The below is a (chronological) record of my artistic and cultural consumption for the month of September 2012. I have yet to find a good website that would enable me to keep track of all the stuff I do and see, so at the moment this blog will have to do.
Strictly speaking, I started my cultural month in Milan, where my very much needed – and somewhat deserved – holiday in Italy was ending, with a visit to the Museo del Novecento (the “Museum of the 20th Century”).
Back in London, this is what I’ve been up to.
The Estorick Collection and the “In Astratto” Exhibition
In the near future I’ll write a whole blog about the Estorick, the only gallery devoted to modern Italian art in the UK, so I’ll be brief here. Last month I paid them a visit to see the “In astratto” exhibition, which explored abstraction in Italy between 1930 and 1980. I even attended a free lecture on Futurism after WWI, on the last sultry afternoon of 2012 in London – perhaps not the wisest of choices since there were so few of them…
Damien Hirst at Tate Modern
Sometimes I live dangerously: sometimes I wait until the very last day of a major exhibition to see it. Sometimes, as a result, I don’t get to see it because it’s sold out (and I forever regret the only opportunity to see two versions of Leonardo Da Vinci’s “Virgin of the Rocks” together). Fortunately this was not the case, and I managed to see this major retrospective of Hirst’s work. I was happy to be able to finally form an opinion on this ex-YBA who seems to have somewhat fallen out from grace recently.
My flatmate, who’s slightly older than me, claims he liked Hirst in the nineties already, before he became super famous (Hirst, not my flatmate). Anyway, I must say I was pleasantly surprised: there were quite a few very clever ideas that made me smile or reflect.
That visit was also the occasion for a quick (probably too quick) look at the newly opened Tate Tanks.
NB: I paid reduced ticket price thanks to my National Art Pass :)
The Old Operating Theatre (with Love Art London)
I had never heard of this most unusual museum before my visit, which was organised by Love Art London and led by the museum’s chief curator Karen Howell. The Old Operating Theatre Museum features Europe’s oldest operating theatre and is located in a unique space in the Herb Garret of St Thomas Church.
Bring on fab atmospheric location, old medicine and apothecary instruments, and demonstration of amputation techniques in the good old times when anaesthetics didn’t exist. The Old Operating Theatre is one of the quirkiest museums I’ve seen, and I definitely recommend it, especially if you are into medicine.
“Mademoiselle Julie” at the Barbican
Back in July a friend of mine suggested booking tickets for Strindberg’s famous play, performed in French, in a French production (by Frédéric Fisbach), and… starring Juliette Binoche herself. The play ended up being the talk of the town, and I was very glad I caught the second performance.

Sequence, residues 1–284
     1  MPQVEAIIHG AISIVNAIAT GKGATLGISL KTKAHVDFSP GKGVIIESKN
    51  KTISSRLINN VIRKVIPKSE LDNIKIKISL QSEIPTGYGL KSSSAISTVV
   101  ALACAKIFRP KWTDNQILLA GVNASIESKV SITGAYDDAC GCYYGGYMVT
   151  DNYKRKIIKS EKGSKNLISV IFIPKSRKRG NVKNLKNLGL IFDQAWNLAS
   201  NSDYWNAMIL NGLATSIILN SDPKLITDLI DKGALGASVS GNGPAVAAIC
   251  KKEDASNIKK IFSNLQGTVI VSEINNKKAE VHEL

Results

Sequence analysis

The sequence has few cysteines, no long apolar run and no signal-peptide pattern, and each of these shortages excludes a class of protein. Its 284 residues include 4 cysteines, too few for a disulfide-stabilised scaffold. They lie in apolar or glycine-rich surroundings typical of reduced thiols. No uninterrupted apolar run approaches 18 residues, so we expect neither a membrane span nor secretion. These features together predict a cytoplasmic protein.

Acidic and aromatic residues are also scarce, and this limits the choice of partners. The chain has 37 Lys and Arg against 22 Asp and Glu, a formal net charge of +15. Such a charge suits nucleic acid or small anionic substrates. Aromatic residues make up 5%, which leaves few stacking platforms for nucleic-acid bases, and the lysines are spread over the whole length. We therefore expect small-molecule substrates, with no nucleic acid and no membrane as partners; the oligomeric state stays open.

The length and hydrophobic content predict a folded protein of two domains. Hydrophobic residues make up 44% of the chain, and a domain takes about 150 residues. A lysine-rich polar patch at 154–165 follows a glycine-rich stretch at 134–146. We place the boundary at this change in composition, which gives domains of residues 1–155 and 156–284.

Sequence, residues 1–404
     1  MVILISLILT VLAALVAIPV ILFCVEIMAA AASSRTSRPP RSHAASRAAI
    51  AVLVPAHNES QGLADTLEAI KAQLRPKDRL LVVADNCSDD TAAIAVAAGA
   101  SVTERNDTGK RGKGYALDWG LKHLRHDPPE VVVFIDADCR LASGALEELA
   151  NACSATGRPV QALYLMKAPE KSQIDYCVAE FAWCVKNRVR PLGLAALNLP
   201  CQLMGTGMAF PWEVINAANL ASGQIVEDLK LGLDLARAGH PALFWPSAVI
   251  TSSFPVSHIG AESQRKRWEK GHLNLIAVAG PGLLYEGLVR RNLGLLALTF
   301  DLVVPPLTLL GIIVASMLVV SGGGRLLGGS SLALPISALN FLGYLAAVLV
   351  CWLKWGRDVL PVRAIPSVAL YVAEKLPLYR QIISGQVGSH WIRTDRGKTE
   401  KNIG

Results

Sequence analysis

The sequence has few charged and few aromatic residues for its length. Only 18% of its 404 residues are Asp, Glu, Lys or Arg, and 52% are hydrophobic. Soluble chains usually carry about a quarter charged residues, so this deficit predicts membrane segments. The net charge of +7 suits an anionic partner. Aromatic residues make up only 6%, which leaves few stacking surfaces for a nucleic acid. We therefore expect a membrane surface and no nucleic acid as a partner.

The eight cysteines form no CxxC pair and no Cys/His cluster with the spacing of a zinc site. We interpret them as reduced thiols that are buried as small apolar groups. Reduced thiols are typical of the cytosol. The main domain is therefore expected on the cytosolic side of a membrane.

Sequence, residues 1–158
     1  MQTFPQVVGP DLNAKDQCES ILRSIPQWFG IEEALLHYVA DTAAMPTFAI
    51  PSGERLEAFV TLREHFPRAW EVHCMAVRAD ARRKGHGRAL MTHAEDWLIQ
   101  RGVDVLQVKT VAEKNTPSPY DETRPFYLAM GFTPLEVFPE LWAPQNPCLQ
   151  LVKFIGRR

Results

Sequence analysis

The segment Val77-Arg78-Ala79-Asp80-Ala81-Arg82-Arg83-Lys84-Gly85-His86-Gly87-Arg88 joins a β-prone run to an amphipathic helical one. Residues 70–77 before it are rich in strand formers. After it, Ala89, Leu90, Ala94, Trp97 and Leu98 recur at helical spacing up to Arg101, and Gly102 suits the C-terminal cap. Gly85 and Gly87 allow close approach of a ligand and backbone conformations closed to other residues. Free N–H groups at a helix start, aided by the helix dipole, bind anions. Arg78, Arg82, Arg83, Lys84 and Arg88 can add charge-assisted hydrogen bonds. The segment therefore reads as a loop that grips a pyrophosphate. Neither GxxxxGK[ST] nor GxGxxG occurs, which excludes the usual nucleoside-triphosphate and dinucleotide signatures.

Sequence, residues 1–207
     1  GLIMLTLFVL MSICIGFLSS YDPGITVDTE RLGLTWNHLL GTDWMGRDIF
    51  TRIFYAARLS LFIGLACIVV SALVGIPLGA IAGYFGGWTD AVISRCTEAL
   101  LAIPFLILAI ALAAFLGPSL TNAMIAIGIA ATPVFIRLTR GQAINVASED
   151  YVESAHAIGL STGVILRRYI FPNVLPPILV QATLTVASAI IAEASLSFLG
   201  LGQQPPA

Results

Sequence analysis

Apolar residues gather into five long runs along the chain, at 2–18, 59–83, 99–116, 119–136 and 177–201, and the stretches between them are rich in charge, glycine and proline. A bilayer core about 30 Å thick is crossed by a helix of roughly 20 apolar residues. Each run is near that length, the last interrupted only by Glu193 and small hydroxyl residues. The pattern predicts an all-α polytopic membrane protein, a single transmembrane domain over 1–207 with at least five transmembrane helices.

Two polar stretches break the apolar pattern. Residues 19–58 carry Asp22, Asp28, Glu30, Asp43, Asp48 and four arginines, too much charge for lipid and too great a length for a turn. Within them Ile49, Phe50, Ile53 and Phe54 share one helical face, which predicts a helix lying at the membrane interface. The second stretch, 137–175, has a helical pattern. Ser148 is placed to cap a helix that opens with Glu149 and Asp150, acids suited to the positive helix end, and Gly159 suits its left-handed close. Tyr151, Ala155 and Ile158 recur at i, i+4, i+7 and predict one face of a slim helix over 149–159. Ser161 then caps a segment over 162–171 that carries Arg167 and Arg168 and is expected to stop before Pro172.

I thought the production was quite nice, modern in an elegant way, and I liked Binoche’s performance. I found Nicolas Bouchaud as Jean less convincing (a bit stiff). Juliette Binoche’s costumes were designed by Lanvin’s Albert Elbaz, and were very chic indeed. On a side note, I would be very grateful if someone could explain to me what the silent man in a rabbit mask was representing.
The Magic Flute at the ENO
Together with Carmen, Die Zauberflöte is my absolute favourite opera. The English National Opera was presenting a revival of their “traditional” production by Nicholas Hytner of Mozart’s masterpiece, celebrating its 25th anniversary.
Although the staging was a bit too classical for my taste, and despite the fact that the opera was sung in English (as is customary at the ENO), Mozart’s music did the trick, as always. And it was nice being back at the Coliseum, 12 years after my initial visit – which actually coincided with my first time ever at the opera.
Viewing of the Design Auction at Phillips de Pury (with Love Art London)
I love design, I really do. This is why I had been waiting impatiently for that particular Love Art London gig since it had been announced: a behind-the-scene tour of Phillips de Pury’s autumn Design Auction, with specialists Marine Hartogs and Meaghan Roddy. Of course I fell in love with several pieces, including these sublime Venetian pots by glass artist Yoichi Ohira.
My month ended with a visit to the studio of British portrait artist Nicola Green, with Love Art London again.
The purpose of this post is not simply to list all of the cool things I saw and did last month. I would really like to start a conversation here. Have you seen any of these shows, exhibitions and museums? Did you think they were brilliant? Were you disappointed? Either way, let me know. And let me know if I’ve missed something that was, well… unmissable.